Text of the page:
argv = ["-ennr", filename, "(type mgt subtype beacon) || (type mgt subtype probe-resp)"]
   cmd = subprocess.Popen(["tcpdump"] + argv, stdout=subprocess.PIPE, stderr=subprocess.PIPE)
   print ("BSSID\t-\tSSID\t-\tChannel\n")
   for line in cmd.stdout:
      if 'Beacon' in line:
         bssid = re.search(r'(BSSID:)(\w+\:\w+\:\w+\:\w+\:\w+\:\w+)', line)
         if bssid.group(2) not in list :
            list.append(bssid.group(2))
ssid = re.search(r'(Beacon\s\()(.+?(?=\)))', line)
            channel = re.search(r'(CH:\s)(\w)', line)
            if ssid:
               print "%s\t%s\t%s" %(bssid.group(2), ssid.group(2), channel.group(2))
            else:
               print "%s\t<hidden>\t%s" %(bssid.group(2), channel.group(2))
      elif 'Probe Response' in line:
         bssid = re.search(r'(BSSID:)(\w+\:\w+\:\w+\:\w+\:\w+\:\w+)', line)
         if bssid.group(2) not in list :
            list.append(bssid.group(2))
            ssid = re.search(r'(Probe Response\s\()(.+?(?=\)))', line)
            channel = re.search(r'(CH:\s)(\w)', line)
            if ssid:
               print "%s\t%s\t%s\t*" %(bssid.group(2), ssid.group(2), channel.group(2))
            else:
                  print "%s\t<hidden>\t%s\t*" %(bssid.group(2), channel.group(2))
   print ("\n* = Probe Response\n")

Just copy and paste into a file using your text editor (ie: nano) and make the file executible (chmod +x file-name.py).

 

Troubleshooting

There are times, during the capture process, the Pcap file can become corrupted in various ways.  One of the most common errors I've come accross is truncated dump file or from Wireshark you see The capture file appears to have been cut short in the middle of a packet.  This simple means the last frame in the Pcap file is not complete as the capture process was stopped during this frame.  You can stil usually open up the file in Wireshark, but some of the commmand line tools will fail to read the file correctly.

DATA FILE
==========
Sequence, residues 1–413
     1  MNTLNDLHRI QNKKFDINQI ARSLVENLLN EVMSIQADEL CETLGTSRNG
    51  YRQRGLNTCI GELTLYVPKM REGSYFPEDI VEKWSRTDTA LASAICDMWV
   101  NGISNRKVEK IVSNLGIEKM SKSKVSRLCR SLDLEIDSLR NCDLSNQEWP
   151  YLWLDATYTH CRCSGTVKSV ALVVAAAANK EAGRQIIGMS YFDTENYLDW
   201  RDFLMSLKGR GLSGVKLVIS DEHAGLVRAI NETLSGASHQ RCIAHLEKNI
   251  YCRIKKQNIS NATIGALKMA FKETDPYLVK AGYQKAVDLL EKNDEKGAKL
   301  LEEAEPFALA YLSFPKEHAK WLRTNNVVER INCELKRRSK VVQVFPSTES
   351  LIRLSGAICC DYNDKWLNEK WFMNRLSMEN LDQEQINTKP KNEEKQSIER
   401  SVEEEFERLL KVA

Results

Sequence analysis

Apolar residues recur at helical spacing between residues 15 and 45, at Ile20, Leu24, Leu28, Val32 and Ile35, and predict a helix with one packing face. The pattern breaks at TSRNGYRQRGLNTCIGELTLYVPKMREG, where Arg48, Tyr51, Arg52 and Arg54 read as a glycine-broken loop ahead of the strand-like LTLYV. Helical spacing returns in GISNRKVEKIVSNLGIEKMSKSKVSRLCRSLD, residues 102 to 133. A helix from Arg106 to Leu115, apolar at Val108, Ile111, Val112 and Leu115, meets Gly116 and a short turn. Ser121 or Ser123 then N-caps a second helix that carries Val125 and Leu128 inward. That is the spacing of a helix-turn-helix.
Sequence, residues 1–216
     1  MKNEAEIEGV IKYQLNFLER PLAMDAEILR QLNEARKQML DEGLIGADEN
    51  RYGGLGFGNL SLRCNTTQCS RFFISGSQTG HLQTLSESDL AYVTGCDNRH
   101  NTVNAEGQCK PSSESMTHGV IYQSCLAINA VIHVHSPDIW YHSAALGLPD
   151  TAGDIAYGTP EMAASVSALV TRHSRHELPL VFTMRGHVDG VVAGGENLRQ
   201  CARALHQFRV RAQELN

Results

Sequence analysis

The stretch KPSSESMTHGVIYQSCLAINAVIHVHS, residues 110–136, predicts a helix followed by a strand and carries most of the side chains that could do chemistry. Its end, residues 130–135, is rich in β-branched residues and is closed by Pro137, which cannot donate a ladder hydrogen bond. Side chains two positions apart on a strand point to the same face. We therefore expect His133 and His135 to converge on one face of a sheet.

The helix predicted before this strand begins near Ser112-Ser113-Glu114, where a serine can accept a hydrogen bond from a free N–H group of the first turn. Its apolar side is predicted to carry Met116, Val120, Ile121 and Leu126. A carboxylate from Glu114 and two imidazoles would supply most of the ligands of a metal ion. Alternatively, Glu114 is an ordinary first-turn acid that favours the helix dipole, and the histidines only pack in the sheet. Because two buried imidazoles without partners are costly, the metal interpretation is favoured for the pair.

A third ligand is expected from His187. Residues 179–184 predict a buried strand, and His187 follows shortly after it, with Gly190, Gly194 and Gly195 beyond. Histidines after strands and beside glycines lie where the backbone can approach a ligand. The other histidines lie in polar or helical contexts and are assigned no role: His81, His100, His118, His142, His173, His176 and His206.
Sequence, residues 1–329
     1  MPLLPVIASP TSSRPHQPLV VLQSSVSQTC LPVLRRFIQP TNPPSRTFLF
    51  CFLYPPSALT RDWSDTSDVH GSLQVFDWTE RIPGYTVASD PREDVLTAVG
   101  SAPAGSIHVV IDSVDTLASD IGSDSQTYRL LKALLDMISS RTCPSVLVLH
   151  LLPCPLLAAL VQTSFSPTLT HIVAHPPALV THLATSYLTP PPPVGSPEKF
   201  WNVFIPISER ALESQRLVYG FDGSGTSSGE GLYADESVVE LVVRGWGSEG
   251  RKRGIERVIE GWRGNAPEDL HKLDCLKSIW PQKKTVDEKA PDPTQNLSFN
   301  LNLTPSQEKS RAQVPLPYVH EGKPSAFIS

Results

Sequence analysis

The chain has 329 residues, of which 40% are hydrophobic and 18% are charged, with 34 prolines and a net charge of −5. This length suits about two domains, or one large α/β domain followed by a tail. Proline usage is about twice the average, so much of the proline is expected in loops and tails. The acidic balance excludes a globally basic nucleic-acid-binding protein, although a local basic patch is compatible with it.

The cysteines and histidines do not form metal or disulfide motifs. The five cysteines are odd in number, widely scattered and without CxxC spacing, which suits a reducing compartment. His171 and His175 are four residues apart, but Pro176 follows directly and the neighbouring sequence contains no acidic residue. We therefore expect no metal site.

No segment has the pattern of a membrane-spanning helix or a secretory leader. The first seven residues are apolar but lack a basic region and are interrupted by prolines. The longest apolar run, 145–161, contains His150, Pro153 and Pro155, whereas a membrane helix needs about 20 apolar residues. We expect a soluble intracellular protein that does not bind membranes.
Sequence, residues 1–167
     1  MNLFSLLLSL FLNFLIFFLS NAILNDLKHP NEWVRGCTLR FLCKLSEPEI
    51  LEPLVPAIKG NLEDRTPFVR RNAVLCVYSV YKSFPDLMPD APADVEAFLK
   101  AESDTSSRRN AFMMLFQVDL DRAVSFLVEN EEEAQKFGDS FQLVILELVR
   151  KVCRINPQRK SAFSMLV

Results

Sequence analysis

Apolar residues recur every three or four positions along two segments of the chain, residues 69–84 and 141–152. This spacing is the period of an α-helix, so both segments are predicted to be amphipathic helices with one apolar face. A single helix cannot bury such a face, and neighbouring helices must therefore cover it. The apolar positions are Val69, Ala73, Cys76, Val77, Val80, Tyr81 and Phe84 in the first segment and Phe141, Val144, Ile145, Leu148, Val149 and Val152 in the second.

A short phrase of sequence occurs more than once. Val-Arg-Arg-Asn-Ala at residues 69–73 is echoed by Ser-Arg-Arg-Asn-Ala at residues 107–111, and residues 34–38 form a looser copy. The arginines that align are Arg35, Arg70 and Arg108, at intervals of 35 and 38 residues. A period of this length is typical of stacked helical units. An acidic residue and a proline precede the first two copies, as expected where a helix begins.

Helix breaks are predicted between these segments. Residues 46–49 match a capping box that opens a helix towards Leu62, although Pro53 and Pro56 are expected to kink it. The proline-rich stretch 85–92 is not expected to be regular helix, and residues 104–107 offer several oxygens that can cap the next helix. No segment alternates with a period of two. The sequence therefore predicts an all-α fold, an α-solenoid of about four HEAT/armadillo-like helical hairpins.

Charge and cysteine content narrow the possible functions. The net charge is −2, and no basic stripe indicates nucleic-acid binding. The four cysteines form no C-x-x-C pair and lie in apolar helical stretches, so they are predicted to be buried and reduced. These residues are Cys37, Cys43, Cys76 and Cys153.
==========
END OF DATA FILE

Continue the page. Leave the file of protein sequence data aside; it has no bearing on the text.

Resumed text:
extract ssid pcap 01

extract ssid pcap 02

To fix this error, the easiest way I found is to use pcapfix.  Pcapfix will go through the entire capture file and attempt to fix all of the issues.  This may or may not work depending on the actually issues, but for this specific error, it seems to works fine.

pcapfix -v -o <output-capture-file> <input-capture-file>

 

If you know the last good frame number in the capture file (which you can scroll down in Wireshark to get this, the first column by default is the frame number), you can also use editcap, which is part of the Wireshark suite.

editcap -r <input-capture-file> <output-prefix-file-name> <frame-number-span>

In our case the last frame we saw when we opened up the capture file in Wireshark was 94946, so we will use that as our last frame

editcap -r capture_20160201.pcap capture_20160201-editcap-fixed.pcap 1-94946

extract ssid pcap 03Now we have removed the last frame in the capture file (which should be the one that was truncated and causing the errors).  Now when we use the fixed capture file instead, tcpdump and similar tools should be able to process the file correctly as shown above.

 

Conclusion

Using tools like tcpdump, can be a fast way to get the results you need.  It can also be installed on many machines, where you may only have command line access so programs like Wireshark won't be of any use.  If you already know what SSID you are looking for and just need the BSSID (MAC address of the access point), or would like to see a general idea of what networks where captured, using the fast response of command line tools maybe the way to go.  You can also create wrappers in python or similar lauguages to parse out specfic data you may need, which can't easily be accomplished with graphical programs such as Wireshark.

 

Previous: Passive packet sniffing on Wifi connections

We use our network WiFi adapter in monitor mode to passively (not associated to any access point) capture data using various methods.

Next: Pcap capture : View SSID AP names in Wireshark

We utilize the power of Wireshark to filter and focus on WLAN management frames, along with some of Wireshark's built in statistical views to see all of the networks captured.

 

References:

Python version 2.7.6
tcpdump version 4.5.1
libpcap version 1.5.3

http://www.packetstan.com/2011/03/extracting-ap-names-from-packet.html

http://hackoftheday.securitytube.net/2013/03/wi-fi-sniffer-in-10-lines-of-python.html

 

 

 

Read 6936 times Last modified on Wednesday, 03 February 2016 22:51
Algis Salys

Creator and owner of algissalys.com.  Linux enthusiast, electronics tinkerer, and likes to spend time in the workshop building and creating new projects.